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Redstone Picnic Area

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Lake Mead Nat'l Recreation Area, Nevada 

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Tom & Deb Garrison

Story/Photos by Tom Garrison

   Those of us a certain age may remember the Redstone rocket, a workhorse of the American space program in the 1950s and early 1960s. A Redstone variant launched America's first orbital satellite, Explorer 1, in 1958. In 1961 a Mercury-Redstone rocket boosted Freedom 7 carrying Alan Shepard into a suborbital flight-the first American in space.
   While hiking around the Redstone Picnic Area may not be quite as exciting as a trip into space, it ain't bad for a terrestrial adventure. A quick check of the map shows Redstone Picnic Area is located off Northshore Road which roughly parallels Lake Mead. Cruising along admiring the stark mostly gray, brown, and tan desert you come upon a series of massive red rock outcroppings. Lucky for you they are at mile marker 27, the Redstone Picnic Area and trailhead. A ready-made easy hike among giant red monoliths.
   If this could be you, then follow my wife Deb and me on our latest adventure to Redstone Picnic Area located approximately half way between Las Vegas and Overton off Northshore Road.
   The Redstone Picnic Area hike is located in the Lake Mead National Recreation Area. The nearly 1.5 million acre recreation region, administered by the National Park Service, follows the Colorado River corridor from the westernmost boundary of Grand Canyon National Park to just north of Laughlin. The hike is free, and no permits are required.
   The trail also enters the 39,173 acre Pinto Valley Wilderness Area. The wilderness, located on the north side of Lake Mead, is dominated by rugged hills, deep narrow canyons, red sandstone outcroppings, and scenic valleys. People have lived in and passed through the wilderness region for at least 4,000 years, leaving rock art panels, roasting pits, rock shelters, and stone flakes.
Redstone Picnic/Hiking Area
View to the south at Redstone Picnic/Hiking Area - March 2018 / Photo by Tom Garrison
   Deb and I left our home in St. George early on a chilly early March morning (temperature in the mid-40s) and drove south on Interstate 15. At Exit 93 we followed State Highway 169 south through Logandale and Overton. At the Valley of Fire turnoff, continue south on Northshore Road. Approximately 38 miles later you arrive at Redstone Picnic Area.
   The picnic area has ample parking, covered picnic tables, pit toilets, but no drinking water. The trailhead, elevation 2,155 feet, is at the south end of the parking area. As we began our adventure, the temperature was in the low 60s with a chilly wind under hazy sky.
   The well maintained and nearly level trail begins by skirting the east (left) side of a large red sandstone formation. It continues for approximately 1/2 mile in a loop returning to the parking area. Signs along the trail provide information about local geology. We took advantage of ample opportunities to scramble among the red rock formations. The view from the summits are spectacular-red sandstone islands in a sea of grey limestone mountains.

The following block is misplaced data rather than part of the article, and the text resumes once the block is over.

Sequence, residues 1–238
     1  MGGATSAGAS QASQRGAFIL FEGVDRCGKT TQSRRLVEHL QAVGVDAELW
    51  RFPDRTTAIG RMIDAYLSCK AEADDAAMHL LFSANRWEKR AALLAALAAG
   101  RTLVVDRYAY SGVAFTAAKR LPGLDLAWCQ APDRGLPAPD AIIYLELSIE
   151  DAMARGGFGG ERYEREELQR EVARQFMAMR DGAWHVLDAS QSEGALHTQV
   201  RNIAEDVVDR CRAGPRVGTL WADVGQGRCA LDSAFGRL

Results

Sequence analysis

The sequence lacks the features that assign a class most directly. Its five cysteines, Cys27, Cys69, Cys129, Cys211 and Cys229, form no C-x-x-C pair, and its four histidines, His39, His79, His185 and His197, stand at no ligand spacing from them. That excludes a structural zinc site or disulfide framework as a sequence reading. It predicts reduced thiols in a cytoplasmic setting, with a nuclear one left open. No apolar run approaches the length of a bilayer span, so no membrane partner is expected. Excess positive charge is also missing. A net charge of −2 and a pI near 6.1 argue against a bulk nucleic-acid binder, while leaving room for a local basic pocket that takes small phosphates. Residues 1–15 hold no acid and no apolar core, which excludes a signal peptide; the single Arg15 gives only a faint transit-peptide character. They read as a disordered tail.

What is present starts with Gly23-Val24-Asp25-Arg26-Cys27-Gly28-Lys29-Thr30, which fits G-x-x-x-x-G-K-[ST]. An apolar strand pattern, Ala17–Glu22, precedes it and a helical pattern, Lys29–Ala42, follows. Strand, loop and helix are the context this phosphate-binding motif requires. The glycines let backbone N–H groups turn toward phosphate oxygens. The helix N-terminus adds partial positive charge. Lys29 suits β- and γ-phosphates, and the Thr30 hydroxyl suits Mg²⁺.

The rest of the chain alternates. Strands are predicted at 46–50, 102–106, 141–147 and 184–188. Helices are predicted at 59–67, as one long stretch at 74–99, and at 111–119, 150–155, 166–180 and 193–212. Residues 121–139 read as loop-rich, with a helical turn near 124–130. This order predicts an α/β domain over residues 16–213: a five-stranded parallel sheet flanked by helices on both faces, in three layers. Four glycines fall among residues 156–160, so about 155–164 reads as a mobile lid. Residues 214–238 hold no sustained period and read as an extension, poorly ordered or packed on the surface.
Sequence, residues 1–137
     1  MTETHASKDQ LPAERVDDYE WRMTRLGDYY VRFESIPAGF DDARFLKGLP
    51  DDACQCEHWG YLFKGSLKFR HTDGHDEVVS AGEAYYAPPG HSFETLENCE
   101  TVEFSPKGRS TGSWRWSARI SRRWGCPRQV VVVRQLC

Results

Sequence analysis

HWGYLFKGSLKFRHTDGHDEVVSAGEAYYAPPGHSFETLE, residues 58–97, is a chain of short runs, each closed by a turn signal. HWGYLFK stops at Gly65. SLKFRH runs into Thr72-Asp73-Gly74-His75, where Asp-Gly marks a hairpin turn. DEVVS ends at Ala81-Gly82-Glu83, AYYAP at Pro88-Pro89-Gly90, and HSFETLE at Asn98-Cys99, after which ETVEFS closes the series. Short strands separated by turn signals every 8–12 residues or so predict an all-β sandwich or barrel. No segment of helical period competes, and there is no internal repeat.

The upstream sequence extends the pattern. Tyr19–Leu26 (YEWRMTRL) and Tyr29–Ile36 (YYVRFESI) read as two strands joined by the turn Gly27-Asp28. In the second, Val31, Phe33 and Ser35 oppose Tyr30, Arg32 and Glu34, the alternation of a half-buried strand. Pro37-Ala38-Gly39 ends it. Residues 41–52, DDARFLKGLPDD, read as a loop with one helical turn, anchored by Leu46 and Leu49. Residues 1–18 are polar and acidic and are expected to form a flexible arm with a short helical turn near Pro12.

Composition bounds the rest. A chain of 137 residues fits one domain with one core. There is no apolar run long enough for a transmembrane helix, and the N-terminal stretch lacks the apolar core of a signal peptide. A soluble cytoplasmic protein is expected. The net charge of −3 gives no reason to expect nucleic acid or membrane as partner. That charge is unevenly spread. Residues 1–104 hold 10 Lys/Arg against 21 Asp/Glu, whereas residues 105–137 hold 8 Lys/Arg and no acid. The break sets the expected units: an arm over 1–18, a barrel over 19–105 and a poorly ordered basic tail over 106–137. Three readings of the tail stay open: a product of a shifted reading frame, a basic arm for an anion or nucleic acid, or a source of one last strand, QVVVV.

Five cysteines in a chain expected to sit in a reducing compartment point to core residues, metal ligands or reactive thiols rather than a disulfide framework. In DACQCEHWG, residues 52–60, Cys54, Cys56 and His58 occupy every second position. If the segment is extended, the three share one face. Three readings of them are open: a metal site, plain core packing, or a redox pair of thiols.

Being adventurous, and needed more than an easy 1/2 mile hike, we broke away from the trail and headed west to a long line of easily accessed red hills. Off the main trail, be careful for the routes are littered with small rocks ready to trip the unwary. We threaded our way around and across several of the outcroppings.
   These, coupled with the formations on the formal trail, provide scores of fascinating small caves, niches, and nooks-a natural playground. It is amazing what wind and water erosion can accomplish on Jurassic era (age of the dinosaurs) relatively soft sandstone in a hundred million years or so. While we left the maintained trail to the west, there are interesting-looking hills southeast of the parking area that we explored on the way back to the trailhead.

Odd shaped red sandstone formations at Redstone Picnic / Hiking Area - March 2018 /
Photo by Tom Garrison

   In all, we spent about 1 1/2 hours and traveled a little less than two miles in this red monolith wonderland. In contrast to the increasingly popular Valley of Fire State Park about 20 miles to the north, this is an adventure for those who desire splendid solitude-we only saw one small group of hikers in the distance during our trek.
   After our exploit, we finished the day in a Mesquite casino celebrating our hike with drinks, gambling, and a late lunch. What a day.
   This is a well worth it day trip, especially in winter. It is an easy hike, with rock scrambling if you are a bit adventurous. If only for a few hours, escape the cold and rocket into the Redstone Picnic Area.

Redstone Picnic/Trailhead Map 

Redstone Picnic/Trailhead Map

View a larger more detailed map --

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   This story was first published March 7, 2018 by the Moapa Valley Progress. Reprinted here with permission from the author - Tom Garrison. Other scenic areas abound on Rt. 167 also. Thanks to Tom Garrison for bringing this one to our attention.
   An avid hiker for more than 25 years, Tom's latest book, Hiking Southwest Utah and Adjacent Areas, Volume Two was awarded 2nd place in the non-fiction category of the League of Utah Writers published book contest. It is avialable at Amazon.com and the Desert Rat outdoor store in St. George, Utah. He can be reached here --
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